North Toronto’s teachers have never been less than dedicated. But for the last nine months, that dedication has meant so much more. Teachers have not only had to adapt to the new normal brought on by Covid-19, they’ve also had to adapt to uncertain schedules, virtual learning, and ever-changing software. Mark Kinoshita (’82)—NT grad, physics teacher, and member of the Foundation Advisory Board—shares his perspective on teaching at NT in the time of Covid-19. 

Adapting to adapting

It was a long March Break.

When the Ontario government initially closed schools for two extra weeks in March, it made sense to quarantine students and teachers for 14 days after returning from vacation. We never expected that break to extend to September.

Online teaching began in April. We were given two weeks to trickle into the school to pick up our personal belongings and teaching resources. We used new online platforms, mostly Google Classroom, to do everything from assigning textbook work to recording lessons for Youtube to teaching live online. The science department recorded science experiments or had students do experiments with found equipment.

Even though students had the option of attending class and we only had to teach an hour each week, most of us had nearly half our class show up. But many students opted out when the Ministry of Education mandated that marks would not decrease after March 9. Other students put in a last ditch effort to pass their courses and still others tried to improve a few more percentage points to secure marks over 90%.

The school reopened with a skeleton crew in the main office at the end of June. Teachers were able to clean and reorganize for September, and students had 15 minutes each to return textbooks and clean out their locker. The school issued teaching assignments for September, but this was done with a grain of salt.

In August, department heads began to manage the ever changing staffing and timetable, even as it became clear the school year would not start right after Labour Day. Ministry delays had pushed back timelines so far that schools could not interview for vacant positions. Even with the extra two weeks, the school did not have three teaching positions filled when school did resume.

Although some schools saw fewer than 50% of their students return to their brick and mortar school, North Toronto had around 85% of its students return. That combined with a small number of teachers who opted to teach virtually—largely for personal and family health concerns—meant few changes were made to the teaching staff. Though as the fall wore on and teachers went into quarantine, several NT grads returned to the school as supply teachers, including Lora Kikuchi, Charlotte Corelli, and Matthew Zheng.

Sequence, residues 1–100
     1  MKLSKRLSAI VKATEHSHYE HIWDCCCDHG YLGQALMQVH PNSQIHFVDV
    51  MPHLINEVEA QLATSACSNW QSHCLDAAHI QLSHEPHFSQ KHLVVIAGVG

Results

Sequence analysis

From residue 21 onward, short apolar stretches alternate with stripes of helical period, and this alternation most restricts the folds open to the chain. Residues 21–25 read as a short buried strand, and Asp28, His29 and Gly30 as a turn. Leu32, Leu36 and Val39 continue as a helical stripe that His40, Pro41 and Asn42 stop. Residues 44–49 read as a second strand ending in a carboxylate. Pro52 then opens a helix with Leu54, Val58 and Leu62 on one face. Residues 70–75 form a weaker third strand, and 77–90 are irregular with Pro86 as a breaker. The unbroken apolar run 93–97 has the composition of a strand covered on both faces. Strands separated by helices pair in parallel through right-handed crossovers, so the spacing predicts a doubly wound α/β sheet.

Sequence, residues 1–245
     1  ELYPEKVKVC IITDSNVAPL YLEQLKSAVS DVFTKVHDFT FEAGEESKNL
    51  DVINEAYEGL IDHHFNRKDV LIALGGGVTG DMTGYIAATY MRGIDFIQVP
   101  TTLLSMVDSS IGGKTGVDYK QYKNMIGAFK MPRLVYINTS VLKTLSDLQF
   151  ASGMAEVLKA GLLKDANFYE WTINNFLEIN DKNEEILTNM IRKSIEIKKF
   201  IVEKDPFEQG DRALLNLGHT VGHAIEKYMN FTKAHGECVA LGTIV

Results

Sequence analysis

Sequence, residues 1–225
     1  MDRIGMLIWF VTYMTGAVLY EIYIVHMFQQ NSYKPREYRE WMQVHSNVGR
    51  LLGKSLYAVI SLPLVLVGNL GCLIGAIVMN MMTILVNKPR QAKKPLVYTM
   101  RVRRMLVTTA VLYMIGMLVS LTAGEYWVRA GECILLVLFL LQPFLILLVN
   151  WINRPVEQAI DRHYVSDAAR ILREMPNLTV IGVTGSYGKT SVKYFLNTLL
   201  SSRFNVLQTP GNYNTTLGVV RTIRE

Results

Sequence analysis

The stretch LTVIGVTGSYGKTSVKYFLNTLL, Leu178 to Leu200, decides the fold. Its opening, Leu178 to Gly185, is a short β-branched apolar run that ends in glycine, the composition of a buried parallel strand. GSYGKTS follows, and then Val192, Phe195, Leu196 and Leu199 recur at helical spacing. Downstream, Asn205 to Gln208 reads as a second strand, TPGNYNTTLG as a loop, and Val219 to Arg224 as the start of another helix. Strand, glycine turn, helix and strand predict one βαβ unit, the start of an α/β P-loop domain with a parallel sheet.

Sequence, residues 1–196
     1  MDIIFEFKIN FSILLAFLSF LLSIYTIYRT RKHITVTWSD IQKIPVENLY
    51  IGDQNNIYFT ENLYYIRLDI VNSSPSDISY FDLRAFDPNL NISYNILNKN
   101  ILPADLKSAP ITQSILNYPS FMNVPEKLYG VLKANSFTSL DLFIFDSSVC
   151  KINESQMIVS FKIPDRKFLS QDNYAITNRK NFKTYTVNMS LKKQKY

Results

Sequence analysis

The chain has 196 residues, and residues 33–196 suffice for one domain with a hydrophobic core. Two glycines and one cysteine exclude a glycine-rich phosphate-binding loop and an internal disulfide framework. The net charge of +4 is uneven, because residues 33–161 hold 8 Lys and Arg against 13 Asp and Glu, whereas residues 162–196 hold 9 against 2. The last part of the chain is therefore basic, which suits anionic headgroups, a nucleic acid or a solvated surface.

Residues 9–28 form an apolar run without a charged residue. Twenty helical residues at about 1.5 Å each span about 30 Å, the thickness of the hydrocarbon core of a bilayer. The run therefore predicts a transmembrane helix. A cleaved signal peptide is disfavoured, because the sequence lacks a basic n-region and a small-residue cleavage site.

North Toronto is normally a full year school, where students take six to eight courses throughout the year. This year, however, all Toronto District School Board (TDSB) schools are on a quadmester system made up of four, 43-day quads that run in 11 four-day cycles. In each quad, students take two courses at a time, and each class is split into two cohorts of 15 students.

The first cohort is at NT on day one from 8:45 a.m. until 12:30 p.m., and then goes home to attend a 75-minute virtual class at 2 p.m. for their second course. On day two, the other cohort is at NT, and the first cohort is working at home all morning, before attending another virtual 75-minute class. This schedule repeats for days three and four for the second course in the morning (and the first course in the virtual afternoon). 

Teachers are finding it quite a juggling act to keep straight what they are teaching to each cohort as the cohorts are all slightly out of phase with each other. For some courses, like biology, the longer time frame has created a very dynamic classroom setting. However, the students face a test or lab evaluation in every cycle, usually during the in-school classes.

In the early fall, spirits among both teachers and students seemed to be quite high. There were welcome videos from the student council, athletic association, music council, and art council. Online Kahoot quizzes were prepared for the Terry Fox virtual run and Halloween. However, there will be no yearbook this year, and exams have been cancelled for at least the first two quadmesters.

North Toronto has been quite fortunate: the school has only had six Covid-19 cases as of early December. All have been students, and none have occurred as a result of in-school transmission. Two of these cases occurred in the first quadmester, and each resulted in four cohorts of 15 students and two teachers having to quarantine at home.

The teachers continued to teach while in quarantine, only online instead of in person. This meant that they taught and tested students in class simultaneously with students online. By the second quadmester, this was par for the course. After more students opted for virtual learning, the Virtual School became too large for the TDSB to manage. So, schools are now teaching their own virtual and in-class students simultaneously.

Since September, teachers have adapted to a complete re-organization of the school day twice, new technologies, new grading software, a new attendance system, and revolving online teaching platforms and meeting software.

It sometimes seems like teachers are learning more than the students.

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